Vodafone filed for regulatory approval to fully acquire its Indian unit in a deal worth 101.41 billion rupees ($1.66 billion or €1.21 billion), as the company seeks to take advantage of new direct foreign investment rules in the country.
The company said it had filed an application with India's foreign investment panel to raise its stake in Vodafone India from 64 per cent to 100 per cent. It was reported earlier this month that Vodafone plans to invest as much as $2 billion (€1.45 billion) in the country.
Vodafone indirectly owns a combined 84.5 per cent in the India unit. Billionaire industrialist Ajay Piramal owns an 11 per cent stake.
"We have always said we would like to increase our holding in the business and this further investment demonstrates Vodafone's long-term commitment to India," Vodafone said in a statement.
Once the transaction has been completed, Vodafone said it would also consider providing additional funding to Vodafone India by subscribing to equity shares in the company.
Until recently, foreign companies were permitted to own up to 74 per cent of Indian companies, but in July India liberalised the rules to allow up to 100 per cent ownership in a bid to attract foreign investment.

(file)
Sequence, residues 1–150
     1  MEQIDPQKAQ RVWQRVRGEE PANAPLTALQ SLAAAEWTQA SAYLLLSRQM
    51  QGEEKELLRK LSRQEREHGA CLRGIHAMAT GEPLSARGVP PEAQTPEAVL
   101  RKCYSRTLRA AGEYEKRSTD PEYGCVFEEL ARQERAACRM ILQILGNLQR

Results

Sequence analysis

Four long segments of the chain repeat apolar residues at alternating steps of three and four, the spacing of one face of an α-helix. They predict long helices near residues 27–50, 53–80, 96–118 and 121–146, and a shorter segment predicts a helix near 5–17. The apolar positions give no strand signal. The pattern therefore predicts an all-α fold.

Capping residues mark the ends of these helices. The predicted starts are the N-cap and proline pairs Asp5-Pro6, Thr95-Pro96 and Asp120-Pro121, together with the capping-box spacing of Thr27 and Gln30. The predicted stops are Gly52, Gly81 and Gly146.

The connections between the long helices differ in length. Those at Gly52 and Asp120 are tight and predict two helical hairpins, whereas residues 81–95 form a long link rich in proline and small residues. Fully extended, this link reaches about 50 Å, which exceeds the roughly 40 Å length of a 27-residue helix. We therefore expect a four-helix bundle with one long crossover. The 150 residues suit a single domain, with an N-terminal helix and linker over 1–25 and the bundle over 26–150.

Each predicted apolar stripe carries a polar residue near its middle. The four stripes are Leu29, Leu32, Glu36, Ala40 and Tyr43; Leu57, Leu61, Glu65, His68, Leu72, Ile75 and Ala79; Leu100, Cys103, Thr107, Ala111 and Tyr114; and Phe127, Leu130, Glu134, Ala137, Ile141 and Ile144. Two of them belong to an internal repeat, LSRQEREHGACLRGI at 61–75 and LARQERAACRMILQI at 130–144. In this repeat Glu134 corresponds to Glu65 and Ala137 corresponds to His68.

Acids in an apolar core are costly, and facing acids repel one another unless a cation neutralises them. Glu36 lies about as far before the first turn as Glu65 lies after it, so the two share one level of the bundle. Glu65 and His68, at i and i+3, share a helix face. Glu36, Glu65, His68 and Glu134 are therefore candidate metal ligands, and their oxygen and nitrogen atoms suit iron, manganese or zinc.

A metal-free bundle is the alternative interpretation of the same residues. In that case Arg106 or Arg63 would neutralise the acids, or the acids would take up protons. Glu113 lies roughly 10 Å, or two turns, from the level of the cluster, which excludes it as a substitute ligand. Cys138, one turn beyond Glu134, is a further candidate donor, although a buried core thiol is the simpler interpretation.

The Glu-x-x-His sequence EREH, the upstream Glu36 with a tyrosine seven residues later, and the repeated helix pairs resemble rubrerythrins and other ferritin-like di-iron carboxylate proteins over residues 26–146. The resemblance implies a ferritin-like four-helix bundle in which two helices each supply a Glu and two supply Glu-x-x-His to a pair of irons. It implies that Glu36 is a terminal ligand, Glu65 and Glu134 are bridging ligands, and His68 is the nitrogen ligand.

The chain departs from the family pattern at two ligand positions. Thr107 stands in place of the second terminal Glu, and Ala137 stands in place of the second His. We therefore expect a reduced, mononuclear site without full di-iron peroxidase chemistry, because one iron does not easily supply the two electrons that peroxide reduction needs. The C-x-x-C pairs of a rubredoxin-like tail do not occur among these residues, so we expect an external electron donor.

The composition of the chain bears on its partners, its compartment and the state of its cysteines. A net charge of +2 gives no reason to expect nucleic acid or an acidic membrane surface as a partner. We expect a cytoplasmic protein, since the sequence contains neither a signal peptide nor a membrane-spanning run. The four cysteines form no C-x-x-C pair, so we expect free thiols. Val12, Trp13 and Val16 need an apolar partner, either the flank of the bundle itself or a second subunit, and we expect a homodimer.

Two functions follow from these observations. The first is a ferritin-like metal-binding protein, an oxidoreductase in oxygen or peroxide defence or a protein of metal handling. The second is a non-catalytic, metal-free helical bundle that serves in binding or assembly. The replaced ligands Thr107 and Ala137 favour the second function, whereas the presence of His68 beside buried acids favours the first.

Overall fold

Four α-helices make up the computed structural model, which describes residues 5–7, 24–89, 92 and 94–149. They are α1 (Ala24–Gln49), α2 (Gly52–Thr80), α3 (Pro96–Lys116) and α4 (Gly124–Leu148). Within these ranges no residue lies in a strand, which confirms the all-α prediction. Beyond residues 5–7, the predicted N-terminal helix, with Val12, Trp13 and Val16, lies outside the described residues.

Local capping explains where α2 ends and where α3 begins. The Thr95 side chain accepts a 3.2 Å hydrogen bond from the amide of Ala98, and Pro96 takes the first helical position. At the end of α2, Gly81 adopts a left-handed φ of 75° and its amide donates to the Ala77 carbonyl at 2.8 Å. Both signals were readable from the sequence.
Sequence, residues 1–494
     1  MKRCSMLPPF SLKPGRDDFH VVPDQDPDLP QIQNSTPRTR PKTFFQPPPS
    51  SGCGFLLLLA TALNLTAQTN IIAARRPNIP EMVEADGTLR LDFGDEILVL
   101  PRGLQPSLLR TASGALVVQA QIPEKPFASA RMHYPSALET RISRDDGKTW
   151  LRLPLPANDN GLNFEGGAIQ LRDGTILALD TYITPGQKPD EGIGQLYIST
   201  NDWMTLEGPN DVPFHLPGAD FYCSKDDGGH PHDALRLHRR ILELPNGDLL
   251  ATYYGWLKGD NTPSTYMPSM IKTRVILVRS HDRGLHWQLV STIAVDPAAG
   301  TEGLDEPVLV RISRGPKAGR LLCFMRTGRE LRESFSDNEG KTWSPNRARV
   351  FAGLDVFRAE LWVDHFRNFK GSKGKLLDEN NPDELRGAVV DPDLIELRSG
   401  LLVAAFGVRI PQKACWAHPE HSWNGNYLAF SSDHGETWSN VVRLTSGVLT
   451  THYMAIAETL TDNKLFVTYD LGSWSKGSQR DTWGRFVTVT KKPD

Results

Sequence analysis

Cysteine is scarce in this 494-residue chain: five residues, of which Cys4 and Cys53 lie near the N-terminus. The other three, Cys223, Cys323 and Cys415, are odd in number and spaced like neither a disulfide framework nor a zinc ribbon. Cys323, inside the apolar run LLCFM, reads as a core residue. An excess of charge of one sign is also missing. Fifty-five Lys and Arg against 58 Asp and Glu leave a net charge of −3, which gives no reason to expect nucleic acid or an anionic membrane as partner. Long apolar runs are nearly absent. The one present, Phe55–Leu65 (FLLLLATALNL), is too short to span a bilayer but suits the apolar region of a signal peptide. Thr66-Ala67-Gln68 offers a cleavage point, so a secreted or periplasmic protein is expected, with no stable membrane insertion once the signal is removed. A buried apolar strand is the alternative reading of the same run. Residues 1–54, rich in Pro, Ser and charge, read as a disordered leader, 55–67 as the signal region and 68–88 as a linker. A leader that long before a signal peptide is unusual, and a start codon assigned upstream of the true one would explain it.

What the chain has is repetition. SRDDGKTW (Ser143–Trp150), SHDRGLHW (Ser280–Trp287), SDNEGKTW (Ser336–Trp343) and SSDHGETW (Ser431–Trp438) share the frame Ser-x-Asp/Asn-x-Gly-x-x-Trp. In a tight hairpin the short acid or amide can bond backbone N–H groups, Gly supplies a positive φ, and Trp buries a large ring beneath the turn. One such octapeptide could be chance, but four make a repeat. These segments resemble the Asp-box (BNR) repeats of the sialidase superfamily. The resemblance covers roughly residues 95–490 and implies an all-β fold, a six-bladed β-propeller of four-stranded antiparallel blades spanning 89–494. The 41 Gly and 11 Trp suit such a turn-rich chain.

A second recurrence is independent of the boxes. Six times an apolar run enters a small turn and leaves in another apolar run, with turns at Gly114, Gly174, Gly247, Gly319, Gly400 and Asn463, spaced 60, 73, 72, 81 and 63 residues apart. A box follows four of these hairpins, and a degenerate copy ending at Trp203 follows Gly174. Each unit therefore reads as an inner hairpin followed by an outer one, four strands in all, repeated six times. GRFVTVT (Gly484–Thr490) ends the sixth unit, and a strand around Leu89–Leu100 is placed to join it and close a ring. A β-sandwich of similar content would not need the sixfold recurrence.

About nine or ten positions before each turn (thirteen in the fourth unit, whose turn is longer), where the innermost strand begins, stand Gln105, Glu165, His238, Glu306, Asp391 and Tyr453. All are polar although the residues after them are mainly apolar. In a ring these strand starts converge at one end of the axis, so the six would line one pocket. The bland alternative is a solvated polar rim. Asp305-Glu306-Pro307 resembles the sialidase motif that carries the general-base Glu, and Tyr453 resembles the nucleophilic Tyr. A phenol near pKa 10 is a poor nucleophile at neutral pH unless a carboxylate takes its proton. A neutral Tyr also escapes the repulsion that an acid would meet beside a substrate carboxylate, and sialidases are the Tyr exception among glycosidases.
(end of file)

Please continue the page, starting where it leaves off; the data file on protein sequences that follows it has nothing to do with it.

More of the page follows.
Vodafone's move comes in spite of a rather patchy relationship with the Indian government since it acquired its stake in Hutchison Essar in 2007 for almost $11 billion. The FT previously noted that the group still has an unresolved $2.6 billion dispute with the government.
Vodafone is reported to be interested in increasing investments in its major emerging market operations, including India and South Africa, in the wake of the $130 billion sale of its 45 per cent stake in Verizon Wireless.
"Looking ahead, Vodafone will continue to invest in India to bring the benefits of mobile communications and financial inclusion to more and more people across the country," the company added in its statement.
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